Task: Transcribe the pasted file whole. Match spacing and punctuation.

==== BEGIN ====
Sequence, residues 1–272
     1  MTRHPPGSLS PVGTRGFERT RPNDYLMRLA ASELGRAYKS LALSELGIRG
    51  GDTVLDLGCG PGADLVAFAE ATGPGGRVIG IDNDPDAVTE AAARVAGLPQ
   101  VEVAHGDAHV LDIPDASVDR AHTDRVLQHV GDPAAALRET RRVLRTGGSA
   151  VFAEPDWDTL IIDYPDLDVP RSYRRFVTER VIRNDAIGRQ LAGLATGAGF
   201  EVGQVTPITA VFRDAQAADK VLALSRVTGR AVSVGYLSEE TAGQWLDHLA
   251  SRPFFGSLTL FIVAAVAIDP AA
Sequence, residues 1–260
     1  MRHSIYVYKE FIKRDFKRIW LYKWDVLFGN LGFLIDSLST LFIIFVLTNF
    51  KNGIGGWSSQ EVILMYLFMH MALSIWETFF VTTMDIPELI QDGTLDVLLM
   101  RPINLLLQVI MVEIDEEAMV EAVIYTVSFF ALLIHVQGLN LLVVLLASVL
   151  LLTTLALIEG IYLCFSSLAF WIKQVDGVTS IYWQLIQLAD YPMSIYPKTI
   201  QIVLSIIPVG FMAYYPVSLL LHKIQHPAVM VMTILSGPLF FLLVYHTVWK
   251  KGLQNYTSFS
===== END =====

Sequence, residues 1–272
     1  MTRHPPGSLS PVGTRGFERT RPNDYLMRLA ASELGRAYKS LALSELGIRG
    51  GDTVLDLGCG PGADLVAFAE ATGPGGRVIG IDNDPDAVTE AAARVAGLPQ
   101  VEVAHGDAHV LDIPDASVDR AHTDRVLQHV GDPAAALRET RRVLRTGGSA
   151  VFAEPDWDTL IIDYPDLDVP RSYRRFVTER VIRNDAIGRQ LAGLATGAGF
   201  EVGQVTPITA VFRDAQAADK VLALSRVTGR AVSVGYLSEE TAGQWLDHLA
   251  SRPFFGSLTL FIVAAVAIDP AA
Sequence, residues 1–260
     1  MRHSIYVYKE FIKRDFKRIW LYKWDVLFGN LGFLIDSLST LFIIFVLTNF
    51  KNGIGGWSSQ EVILMYLFMH MALSIWETFF VTTMDIPELI QDGTLDVLLM
   101  RPINLLLQVI MVEIDEEAMV EAVIYTVSFF ALLIHVQGLN LLVVLLASVL
   151  LLTTLALIEG IYLCFSSLAF WIKQVDGVTS IYWQLIQLAD YPMSIYPKTI
   201  QIVLSIIPVG FMAYYPVSLL LHKIQHPAVM VMTILSGPLF FLLVYHTVWK
   251  KGLQNYTSFS